Monday, 6 July 2015
The Greatest Story Ever Told
He was never a great actor, and to his credit he never pretended to be. Yet he played in some scorchers. " True Lies" - who can ever forget Jamie Lee Curtis. "Total Recall": frankly I'd forget everything to have a missus like Sharon Stone. And "Terminator" and "Terminator 2". I was in my foxy late thirties when I saw the first film. Linda Hamilton what a woman! she melted the heart of cyber Arnie; reprising the role in T2.
Time travel is a bugger. If you're not careful you'll find yourself at the centre of a logically inconsistency and "Phut" you're dead before you're born. In movies the way around this is to distract the audience. Anything will do: sex; luscious scenes or fast and furious action. In the "Terminator" franchise it's loads of guns, explosions and fisty cuffs: ignoring the fact that if you've already managed world domination why bother with hand to hand combat.
But Arnie always puts up a good fight, butt naked or not. Which raises a fundamental question about time travel. Why butt naked? According to the script any covering other than flesh makes time travel problematic. No weapons 'cause they're metal and would upset the time space continuum. Besides the possibility of not ferrous guns - we have them printed out in 2015 - aren't the robots metallic? So why do they get through the space/time gateway unscathed?
Enough of this speculation. This afternoon we, the missus and I, went to see "Terminator: Genisys". Loads have commented on the misspelling of Genesis, but of course it's deliberate. Letting the Geni out of the bottle.
We witnessed it in deafening surround sound, 6 feet from the screen in 3 D - we had to pay an extra quid for the glasses. After 15 mins of ads, directed as far as I could make out at the sexually active 18 to 24 age group - I'm not complaining, we were assaulted by a series of trailers for films...directed at the sexually... etc.
I have no idea what the film was about. That doesn't worry me because I'm sure that neither the director, producer, actors nor the studio had the foggiest idea either. It had something to do with trying to stop Skynet, which was run, it seemed, by some really nice, successful black Americans. Such good role models. Except, one of their people was from the past, John Conner. We thought he was a hero, who in the earlier Terminator films Arnie was trying to save from the machines, but we find out that all along he's a machine himself...And the evil Skynet is our very own Time Lord Matt Smith, wonderfully pixelated.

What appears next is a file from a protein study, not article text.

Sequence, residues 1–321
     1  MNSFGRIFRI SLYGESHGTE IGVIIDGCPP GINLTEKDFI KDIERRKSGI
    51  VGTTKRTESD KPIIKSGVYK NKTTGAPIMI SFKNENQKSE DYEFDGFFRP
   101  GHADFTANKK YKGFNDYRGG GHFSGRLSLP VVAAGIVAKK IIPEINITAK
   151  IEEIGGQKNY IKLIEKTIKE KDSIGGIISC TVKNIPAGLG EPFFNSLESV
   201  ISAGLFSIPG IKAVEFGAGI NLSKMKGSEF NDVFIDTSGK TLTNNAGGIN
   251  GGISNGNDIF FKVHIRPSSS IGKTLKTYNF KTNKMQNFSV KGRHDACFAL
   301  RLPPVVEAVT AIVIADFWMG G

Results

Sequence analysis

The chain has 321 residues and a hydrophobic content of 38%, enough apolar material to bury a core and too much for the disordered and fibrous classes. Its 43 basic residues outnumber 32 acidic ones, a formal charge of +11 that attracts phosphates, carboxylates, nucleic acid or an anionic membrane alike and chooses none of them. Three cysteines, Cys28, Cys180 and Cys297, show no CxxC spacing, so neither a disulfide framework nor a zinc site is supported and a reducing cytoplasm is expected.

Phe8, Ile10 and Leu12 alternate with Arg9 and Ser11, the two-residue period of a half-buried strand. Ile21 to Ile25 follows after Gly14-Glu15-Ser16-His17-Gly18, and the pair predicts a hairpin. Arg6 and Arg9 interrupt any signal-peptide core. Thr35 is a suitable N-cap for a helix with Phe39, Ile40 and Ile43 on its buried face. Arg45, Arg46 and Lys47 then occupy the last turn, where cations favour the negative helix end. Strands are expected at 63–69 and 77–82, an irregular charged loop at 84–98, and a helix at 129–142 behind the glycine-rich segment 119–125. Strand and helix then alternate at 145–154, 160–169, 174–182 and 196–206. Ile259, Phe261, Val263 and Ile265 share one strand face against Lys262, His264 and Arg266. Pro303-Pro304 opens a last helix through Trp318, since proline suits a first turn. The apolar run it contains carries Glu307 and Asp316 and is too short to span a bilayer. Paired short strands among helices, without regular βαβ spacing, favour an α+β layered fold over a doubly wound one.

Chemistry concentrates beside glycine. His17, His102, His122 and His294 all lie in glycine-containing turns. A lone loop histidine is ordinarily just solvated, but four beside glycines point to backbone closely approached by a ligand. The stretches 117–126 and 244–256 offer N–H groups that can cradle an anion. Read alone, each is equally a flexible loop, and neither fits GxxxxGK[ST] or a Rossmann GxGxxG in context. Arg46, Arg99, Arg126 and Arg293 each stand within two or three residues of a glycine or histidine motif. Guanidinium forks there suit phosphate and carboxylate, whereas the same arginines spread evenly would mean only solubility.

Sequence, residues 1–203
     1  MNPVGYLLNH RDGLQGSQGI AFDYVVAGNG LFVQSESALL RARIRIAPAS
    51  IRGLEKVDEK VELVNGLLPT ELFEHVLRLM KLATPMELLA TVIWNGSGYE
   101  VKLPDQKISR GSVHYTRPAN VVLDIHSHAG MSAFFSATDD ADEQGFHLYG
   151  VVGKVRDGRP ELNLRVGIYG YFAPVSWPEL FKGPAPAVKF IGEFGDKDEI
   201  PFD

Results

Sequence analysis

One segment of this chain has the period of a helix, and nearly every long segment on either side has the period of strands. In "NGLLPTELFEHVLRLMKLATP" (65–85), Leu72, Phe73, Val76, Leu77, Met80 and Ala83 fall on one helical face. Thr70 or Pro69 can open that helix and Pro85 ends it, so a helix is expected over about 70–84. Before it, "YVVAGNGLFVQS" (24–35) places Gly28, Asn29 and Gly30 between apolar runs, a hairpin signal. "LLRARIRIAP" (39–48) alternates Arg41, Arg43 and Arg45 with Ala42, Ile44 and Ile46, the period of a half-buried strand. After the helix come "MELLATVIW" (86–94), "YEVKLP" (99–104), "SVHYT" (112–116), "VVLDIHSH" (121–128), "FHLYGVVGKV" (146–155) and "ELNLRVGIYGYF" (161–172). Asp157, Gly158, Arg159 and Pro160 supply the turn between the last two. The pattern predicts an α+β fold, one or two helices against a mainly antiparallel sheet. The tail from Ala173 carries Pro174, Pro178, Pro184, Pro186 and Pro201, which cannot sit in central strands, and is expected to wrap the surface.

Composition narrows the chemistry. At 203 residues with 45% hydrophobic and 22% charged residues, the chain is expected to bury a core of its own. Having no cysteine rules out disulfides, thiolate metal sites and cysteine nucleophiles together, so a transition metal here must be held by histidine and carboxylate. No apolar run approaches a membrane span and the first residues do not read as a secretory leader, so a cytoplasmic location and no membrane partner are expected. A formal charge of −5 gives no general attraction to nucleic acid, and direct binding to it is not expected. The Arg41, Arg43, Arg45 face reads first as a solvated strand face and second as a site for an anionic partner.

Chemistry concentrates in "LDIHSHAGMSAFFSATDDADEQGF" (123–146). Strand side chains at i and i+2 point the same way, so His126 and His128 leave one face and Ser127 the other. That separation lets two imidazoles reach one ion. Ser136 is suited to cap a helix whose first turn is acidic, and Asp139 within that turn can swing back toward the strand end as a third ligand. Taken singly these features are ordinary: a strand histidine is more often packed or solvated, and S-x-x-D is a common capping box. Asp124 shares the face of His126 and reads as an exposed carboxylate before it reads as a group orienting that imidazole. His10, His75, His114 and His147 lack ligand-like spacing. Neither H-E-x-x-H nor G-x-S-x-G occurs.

Arni spent much of the film being mashed to a pulp, as did his arch rival John Conner. Despite being ripped apart and melted down Arni survived long enough to give his blessing to the future Mr and Mrs Kyle Reese. Sarah Conner, who as far as I could gather was wife, mother and daughter of most of the men in the film was played by an English "Game of Thrones" beauty Emilia Clarke. Kyle spent most of the film having no idea what was going on. Which made you realise why John Conner sent him back to save humanity - not.
There were loads of LA cops who had the nasty habit of melting into offensive weapons and a superannuated copper who spent much of his time trying to get credit for his appearance in the first "Terminator" film.
It, of course, ended once again with the destruction of Skynet, Arnie smiling and Kyle saying something totally meaningless to his younger self which would save the world in the future.
Which sort of made a nonsense of Sarah Connor's statement at the end of the film that she was now free to live her own life. She wasn't.
But that's what happens when you mess around with time travel. Even Conan the Barbarian can't help you out.